Part of the new normal may be that even though it will be safe in the future for FDA inspectors to conduct onsite inspections, investment in these new technologies will allow the agency to continue to utilize virtual surveillance as a key regulatory enforcement tool — well beyond 2021. While foreign and domestic inspections dropped drastically in 2020, we expect this number to rise in 2021, and the FDA may be able to do more in the coming years as it relies on these alternative enforcement tools.

From an industry standpoint, there are many issues with virtual inspections. Most companies likely do not have standard operating procedures in place addressing how they would handle virtual inspections with the FDA. Moreover, virtual inspections likely involve handing videos and photographs over to the agency.

Before the new normal, FDA investigators usually only used photographs when they wanted to memorialize something they saw or found during an on-site inspection. It may be difficult to determine what records, photographs, videos and other data companies should provide to the FDA, and what requests are considered reasonable, if virtual inspections become a common occurrence.

As it relates to the USDA, the virtual inspection model may also raise additional questions about the wisdom behind the USDA's adherence, within the scope of its own jurisdiction, to its labor-intensive, onsite continuous inspection model. However, we have yet to see any meaningful action from the USDA on addressing this issue.

On Worker Safety: Meat and Poultry Workers Next in Line for Vaccine

This will undoubtedly remain a focus, as industries push for priority vaccination status for their workforces. This is especially true for USDA-regulated industries, as COVID-19 outbreaks in processing facilities have been found to rapidly affect a large number of people.

According to the U.S. Centers for Disease Control and Prevention report on the number of COVID-19 cases during April and May 2020, "16,233 cases in 239 facilities occurred, including 86 COVID-19 related deaths."[8] These numbers have risen drastically since this report.

The CDC has now decided that "frontline food industry workers"[9] will be among the first to be vaccinated, after health care workers and residents and staff of nursing homes and other long-term care facilities.[10] In a recently published letter, the North American Meat Institute and other industry leaders welcomed the news.[11]

On New Product Development: Genetically Engineered Pigs

The growth of the plant-based product category will undoubtedly continue — if not accelerate. Meanwhile, Singapore's recent regulatory acceptance of cell-cultured chicken is obviously relevant to regulatory issues pending in the U.S., as everyone waits to see how the FDA and the USDA will negotiate and resolve their joint custody arrangement over the future regulation of cell-cultured products.

In the genetically engineered animal space, the FDA just approved GalSafe pigs for use in food and medical products. GalSafe pigs now joins salmon as the only genetically engineered foods approved for human consumption in the U.S.

However, the GalSafe pigs' uses for both human food and therapeutic purposes blurs the line between the FDA's and the USDA's ultimate jurisdiction. There is more to come on this issue, as the USDA just issued an advance notice of proposed rulemaking and request for comments, to grab future pre- and post-marketing control over genetically engineered versions of most farm animals.[12]

The notice proposes that the USDA would develop the regulatory framework for genetically engineered farm animals, under authorities granted to it by the Animal Health Protection Act, the Federal Meat Inspection Act and the Poultry Products Inspection Act.[13] Currently, the FDA regulates genetically engineered versions of animals. But if the USDA proposal becomes reality, the next applicant with a genetically engineered pig meant for food production may be knocking on the USDA's door for market approval, instead of the FDA's.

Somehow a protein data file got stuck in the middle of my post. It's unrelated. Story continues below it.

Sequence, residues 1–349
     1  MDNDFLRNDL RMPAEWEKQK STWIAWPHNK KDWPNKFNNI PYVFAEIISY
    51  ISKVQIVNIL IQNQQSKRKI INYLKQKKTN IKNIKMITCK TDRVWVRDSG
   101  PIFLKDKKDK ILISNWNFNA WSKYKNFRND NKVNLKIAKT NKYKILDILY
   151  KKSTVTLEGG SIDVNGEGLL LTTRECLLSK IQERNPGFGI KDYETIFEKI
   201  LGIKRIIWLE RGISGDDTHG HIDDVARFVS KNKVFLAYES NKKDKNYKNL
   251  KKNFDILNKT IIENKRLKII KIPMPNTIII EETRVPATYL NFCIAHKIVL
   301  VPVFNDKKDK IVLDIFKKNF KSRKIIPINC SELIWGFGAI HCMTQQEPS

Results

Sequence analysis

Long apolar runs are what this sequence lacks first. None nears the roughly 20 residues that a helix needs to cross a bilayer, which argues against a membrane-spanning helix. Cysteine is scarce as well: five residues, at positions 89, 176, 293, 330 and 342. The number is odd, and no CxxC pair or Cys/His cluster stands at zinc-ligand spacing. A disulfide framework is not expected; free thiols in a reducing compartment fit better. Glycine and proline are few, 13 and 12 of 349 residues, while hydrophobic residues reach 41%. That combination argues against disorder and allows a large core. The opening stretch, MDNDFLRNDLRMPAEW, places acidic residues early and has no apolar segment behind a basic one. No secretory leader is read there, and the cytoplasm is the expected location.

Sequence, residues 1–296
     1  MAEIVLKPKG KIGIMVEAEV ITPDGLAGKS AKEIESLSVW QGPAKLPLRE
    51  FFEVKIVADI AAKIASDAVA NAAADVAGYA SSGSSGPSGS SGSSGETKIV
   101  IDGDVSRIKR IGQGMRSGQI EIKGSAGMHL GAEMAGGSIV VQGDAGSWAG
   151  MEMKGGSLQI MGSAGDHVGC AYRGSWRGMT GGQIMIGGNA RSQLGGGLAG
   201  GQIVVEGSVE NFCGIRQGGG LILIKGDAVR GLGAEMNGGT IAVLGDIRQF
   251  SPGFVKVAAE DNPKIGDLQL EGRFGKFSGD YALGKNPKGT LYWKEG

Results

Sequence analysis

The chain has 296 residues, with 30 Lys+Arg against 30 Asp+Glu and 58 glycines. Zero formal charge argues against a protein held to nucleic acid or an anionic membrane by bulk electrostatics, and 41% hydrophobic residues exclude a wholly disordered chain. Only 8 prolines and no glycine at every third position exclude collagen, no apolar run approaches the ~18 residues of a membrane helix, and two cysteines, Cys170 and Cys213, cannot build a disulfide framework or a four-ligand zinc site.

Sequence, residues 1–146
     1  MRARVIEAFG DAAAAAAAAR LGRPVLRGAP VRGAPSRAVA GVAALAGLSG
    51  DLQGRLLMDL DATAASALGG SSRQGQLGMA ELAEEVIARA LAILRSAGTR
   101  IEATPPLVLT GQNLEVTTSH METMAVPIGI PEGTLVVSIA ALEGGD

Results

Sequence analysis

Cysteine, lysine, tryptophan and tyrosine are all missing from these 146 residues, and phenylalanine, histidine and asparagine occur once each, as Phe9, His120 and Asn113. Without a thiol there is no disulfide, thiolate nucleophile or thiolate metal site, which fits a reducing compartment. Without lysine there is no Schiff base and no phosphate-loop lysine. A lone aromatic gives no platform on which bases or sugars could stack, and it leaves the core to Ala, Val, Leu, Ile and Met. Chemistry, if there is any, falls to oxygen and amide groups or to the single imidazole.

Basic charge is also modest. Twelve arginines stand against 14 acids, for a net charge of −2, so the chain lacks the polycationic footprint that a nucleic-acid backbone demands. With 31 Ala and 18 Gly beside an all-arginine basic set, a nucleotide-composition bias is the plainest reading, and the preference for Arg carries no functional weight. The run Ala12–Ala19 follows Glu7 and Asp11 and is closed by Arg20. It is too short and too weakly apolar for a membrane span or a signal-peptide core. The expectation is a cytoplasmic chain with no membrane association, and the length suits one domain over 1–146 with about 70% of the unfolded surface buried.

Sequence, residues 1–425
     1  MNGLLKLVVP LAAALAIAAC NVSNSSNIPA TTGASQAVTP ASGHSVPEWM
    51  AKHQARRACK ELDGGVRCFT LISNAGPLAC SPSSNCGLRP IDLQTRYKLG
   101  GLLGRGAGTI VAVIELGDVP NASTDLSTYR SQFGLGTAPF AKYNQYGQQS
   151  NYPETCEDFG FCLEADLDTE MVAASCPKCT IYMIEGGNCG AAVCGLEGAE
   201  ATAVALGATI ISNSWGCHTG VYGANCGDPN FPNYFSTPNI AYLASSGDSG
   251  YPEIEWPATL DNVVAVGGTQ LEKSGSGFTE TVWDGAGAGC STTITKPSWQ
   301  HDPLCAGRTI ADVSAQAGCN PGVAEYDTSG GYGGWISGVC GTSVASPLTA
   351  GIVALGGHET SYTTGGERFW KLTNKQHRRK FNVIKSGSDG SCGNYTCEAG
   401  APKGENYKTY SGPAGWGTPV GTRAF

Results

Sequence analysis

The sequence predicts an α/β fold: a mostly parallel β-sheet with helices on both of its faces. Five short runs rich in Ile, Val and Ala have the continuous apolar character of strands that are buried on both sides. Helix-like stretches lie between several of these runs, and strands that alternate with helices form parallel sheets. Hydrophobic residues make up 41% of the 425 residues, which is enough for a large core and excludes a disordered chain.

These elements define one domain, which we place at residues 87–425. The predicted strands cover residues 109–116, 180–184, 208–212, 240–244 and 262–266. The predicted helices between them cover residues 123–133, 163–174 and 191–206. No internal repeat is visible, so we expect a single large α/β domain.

Bob Hibbert is senior counsel and Ryan Michael Fournier is a partner at Wiley Rein LLP.

The opinions expressed are those of the author(s) and do not necessarily reflect the views of the firm, its clients or Portfolio Media Inc., or any of its or their respective affiliates. This article is for general information purposes and is not intended to be and should not be taken as legal advice.

[1] Week 20 Household Pulse Survey: Nov. 25 – Dec. 7, available at (last accessed Dec. 22, 2020).

[2] Trump Signs Bipartisan Coronavirus Relief Bill After Calling On Congress to Approve $2,000 Stimulus Checks, available at (last accessed Jan. 3, 2021).

[3] FDA Proposes to Revoke the Standard of Identity for French Dressing, available at (last accessed Dec. 21, 2020).

[4] FDA Proposes to Revoke Standard of Identity of Frozen Cherry Pie, available at (last accessed Dec. 21, 2020).

[5] FDA's Food Innovation Strategy, available at (last accessed Dec. 21, 2020).

[6] Id.

[7] Notice of Request for Renewal of an Approved Information Collection (Common or Usual Name for Raw Meat and Poultry Products Containing Added Solutions), FR Doc No: 2020-28061 (Dec. 21, 2020), available at

[8] Update: COVID-19 Among Workers in Meat and Poultry Processing Facilities — United States, April–May 2020, available at,affect%20large%20numbers%20of%20persons.&text=Among%2023%20states%20reporting%20COVID,COVID%2D19%E2%80%93related%20deaths (last accessed Dec. 21, 2020).

[9] The CDC defines frontline essential workers as "workers who are in sectors essential to the functioning of society and are at substantially higher risk of exposure to SARS-CoV-2."

[10] Frontline Food Industry Workers Prioritized for Next Phase of COVID-19 Vaccination, available at (last accessed Dec. 21, 2020).

[11] CDC Agrees: Frontline Meat & Poultry Workers High Priority for COVID-19 Vaccination, available at (last accessed Dec. 21, 2020).

[12] Regulation of the Movement of Animals Modified or Developed by Genetic Engineering, 85 FR 84269 (Dec. 28, 2020), available at (last accessed Jan. 3, 2021).

[13] Id.